* BofA's Moynihan to join other bank execs at Wed. hearing

* Will be first public hearing of financial crisis panel

* Panel due to report findings by Dec. 15, 2010

WASHINGTON, Jan 7  - Brian Moynihan, the new chief executive of Bank of America (BAC.N), has been confirmed as one of the four bank executives set to testify Wednesday before a U.S. commission created by Congress to examine the financial crisis.

A spokesman for the Financial Crisis Inquiry Commission (FCIC) said on Thursday that Moynihan has been confirmed along with Goldman Sachs (GS.N) CEO Lloyd Blankfein, JPMorgan (JPM.N) CEO Jamie Dimon and Morgan Stanley Chairman John Mack.

The bank executives' appearance will kick off two days of hearings next week.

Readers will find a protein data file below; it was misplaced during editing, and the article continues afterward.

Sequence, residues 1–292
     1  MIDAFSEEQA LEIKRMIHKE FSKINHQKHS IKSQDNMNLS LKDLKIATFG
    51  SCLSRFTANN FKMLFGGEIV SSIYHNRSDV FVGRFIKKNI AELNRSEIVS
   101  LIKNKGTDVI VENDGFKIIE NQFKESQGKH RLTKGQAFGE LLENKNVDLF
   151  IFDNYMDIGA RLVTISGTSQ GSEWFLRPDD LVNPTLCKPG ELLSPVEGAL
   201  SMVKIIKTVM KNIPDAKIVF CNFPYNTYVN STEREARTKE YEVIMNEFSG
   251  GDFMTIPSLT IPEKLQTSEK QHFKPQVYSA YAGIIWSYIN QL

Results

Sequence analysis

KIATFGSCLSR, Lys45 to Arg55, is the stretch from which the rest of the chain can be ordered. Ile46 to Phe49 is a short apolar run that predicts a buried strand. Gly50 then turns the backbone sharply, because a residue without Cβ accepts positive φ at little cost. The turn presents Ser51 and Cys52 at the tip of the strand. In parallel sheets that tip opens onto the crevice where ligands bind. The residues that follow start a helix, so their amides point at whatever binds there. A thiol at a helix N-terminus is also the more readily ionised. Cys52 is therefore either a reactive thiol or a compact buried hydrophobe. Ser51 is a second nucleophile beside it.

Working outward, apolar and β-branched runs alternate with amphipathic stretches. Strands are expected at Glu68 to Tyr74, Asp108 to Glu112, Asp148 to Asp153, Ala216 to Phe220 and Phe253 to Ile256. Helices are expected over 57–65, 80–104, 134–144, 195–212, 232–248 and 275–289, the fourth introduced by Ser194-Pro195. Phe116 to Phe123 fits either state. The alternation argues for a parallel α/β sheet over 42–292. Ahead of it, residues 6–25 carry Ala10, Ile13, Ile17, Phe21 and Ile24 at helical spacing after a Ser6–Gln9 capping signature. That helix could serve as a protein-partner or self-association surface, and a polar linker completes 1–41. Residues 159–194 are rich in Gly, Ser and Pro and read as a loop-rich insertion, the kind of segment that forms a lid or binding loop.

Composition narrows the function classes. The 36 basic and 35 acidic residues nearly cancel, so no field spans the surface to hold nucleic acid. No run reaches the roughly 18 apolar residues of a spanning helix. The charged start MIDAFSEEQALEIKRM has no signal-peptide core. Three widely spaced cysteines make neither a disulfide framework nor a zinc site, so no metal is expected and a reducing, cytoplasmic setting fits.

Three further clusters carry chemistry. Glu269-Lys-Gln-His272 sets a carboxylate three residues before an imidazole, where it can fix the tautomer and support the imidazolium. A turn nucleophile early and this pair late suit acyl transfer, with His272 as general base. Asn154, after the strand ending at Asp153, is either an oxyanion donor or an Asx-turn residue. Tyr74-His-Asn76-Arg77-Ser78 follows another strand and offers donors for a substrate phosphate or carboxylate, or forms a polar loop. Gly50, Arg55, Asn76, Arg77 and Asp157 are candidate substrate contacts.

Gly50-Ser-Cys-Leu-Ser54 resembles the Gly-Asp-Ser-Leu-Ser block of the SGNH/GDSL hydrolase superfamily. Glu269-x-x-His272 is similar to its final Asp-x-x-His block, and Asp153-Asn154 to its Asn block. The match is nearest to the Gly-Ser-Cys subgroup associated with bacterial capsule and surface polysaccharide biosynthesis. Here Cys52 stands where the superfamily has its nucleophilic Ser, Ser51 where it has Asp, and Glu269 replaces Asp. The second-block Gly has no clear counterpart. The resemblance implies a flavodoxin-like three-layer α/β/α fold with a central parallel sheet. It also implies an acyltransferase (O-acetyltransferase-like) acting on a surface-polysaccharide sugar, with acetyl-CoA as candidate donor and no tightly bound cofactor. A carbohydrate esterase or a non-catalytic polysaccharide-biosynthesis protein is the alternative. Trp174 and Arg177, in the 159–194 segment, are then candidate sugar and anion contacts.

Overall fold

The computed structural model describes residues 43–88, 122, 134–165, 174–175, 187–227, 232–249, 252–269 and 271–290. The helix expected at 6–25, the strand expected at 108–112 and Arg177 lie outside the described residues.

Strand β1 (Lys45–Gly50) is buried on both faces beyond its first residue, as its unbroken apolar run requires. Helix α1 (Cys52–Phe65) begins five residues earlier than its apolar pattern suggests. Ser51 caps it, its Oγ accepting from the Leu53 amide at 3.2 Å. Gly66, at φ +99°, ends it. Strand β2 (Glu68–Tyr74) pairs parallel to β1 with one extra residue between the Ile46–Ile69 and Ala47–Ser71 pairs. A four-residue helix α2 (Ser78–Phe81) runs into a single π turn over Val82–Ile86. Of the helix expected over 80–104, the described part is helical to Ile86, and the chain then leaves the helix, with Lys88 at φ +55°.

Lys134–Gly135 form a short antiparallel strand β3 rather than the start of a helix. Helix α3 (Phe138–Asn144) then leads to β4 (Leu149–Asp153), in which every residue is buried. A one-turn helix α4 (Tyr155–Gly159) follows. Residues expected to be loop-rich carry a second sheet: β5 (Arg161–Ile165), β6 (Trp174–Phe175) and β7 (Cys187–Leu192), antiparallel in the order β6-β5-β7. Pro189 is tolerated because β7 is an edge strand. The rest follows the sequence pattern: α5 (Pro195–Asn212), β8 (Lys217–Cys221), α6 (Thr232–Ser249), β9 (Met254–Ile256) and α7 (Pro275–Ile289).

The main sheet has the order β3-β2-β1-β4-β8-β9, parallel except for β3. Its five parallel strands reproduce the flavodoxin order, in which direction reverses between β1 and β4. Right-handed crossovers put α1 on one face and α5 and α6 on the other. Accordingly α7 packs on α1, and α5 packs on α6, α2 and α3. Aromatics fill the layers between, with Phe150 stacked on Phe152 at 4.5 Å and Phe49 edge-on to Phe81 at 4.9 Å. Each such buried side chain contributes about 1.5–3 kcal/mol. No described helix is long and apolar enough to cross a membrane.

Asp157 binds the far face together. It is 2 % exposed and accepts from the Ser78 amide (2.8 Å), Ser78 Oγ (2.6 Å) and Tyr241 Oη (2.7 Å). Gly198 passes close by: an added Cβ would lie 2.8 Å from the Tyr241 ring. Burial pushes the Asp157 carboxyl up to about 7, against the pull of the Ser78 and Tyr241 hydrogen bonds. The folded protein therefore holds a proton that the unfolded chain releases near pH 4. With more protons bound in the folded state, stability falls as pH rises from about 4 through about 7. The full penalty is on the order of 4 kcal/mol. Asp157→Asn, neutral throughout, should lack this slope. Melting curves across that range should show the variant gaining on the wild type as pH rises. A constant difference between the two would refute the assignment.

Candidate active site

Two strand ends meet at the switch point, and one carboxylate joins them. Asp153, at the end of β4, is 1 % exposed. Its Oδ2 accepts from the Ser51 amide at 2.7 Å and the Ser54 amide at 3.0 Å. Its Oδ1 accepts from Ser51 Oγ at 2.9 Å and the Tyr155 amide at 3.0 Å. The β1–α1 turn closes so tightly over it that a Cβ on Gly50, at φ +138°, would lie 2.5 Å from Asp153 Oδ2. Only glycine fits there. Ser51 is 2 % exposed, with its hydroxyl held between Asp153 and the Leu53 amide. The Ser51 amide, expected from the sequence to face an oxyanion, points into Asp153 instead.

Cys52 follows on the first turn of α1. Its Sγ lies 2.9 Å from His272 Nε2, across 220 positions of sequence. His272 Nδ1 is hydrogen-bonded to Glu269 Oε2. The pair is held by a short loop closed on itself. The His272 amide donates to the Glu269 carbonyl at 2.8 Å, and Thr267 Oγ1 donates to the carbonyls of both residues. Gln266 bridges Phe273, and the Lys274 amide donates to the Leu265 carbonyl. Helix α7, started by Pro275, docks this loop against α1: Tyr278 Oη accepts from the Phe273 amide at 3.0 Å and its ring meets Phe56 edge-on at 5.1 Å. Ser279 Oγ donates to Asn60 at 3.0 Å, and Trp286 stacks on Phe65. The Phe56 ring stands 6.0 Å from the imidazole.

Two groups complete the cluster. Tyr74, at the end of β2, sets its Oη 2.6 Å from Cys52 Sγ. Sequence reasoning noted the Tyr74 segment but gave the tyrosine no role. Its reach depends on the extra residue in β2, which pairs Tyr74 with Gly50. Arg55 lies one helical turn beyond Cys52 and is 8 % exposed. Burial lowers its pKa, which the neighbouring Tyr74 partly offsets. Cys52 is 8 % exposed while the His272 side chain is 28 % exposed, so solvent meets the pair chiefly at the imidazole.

The 10-member panel will hold public hearings throughout this year as Congress works to hammer out a massive piece of financial reform legislation designed to minimize systemic risk in financial markets, better police financial products and rein in dangerous bank pay practices.

The House of Representative has already passed their version of the bill, while the Senate is still struggling to pull together a bill with some bipartisan support.

Christopher Dodd, Democratic chairman of the Senate Banking Committee, announced on Wednesday that he would not seek re-election, which some analysts said will free him to reach bipartisan compromise on the legislation.

The FCIC is due to report is findings to Congress and President Barack Obama by Dec. 15, 2010. (Reporting by Karey Wutkowski, editing by Dave Zimmerman)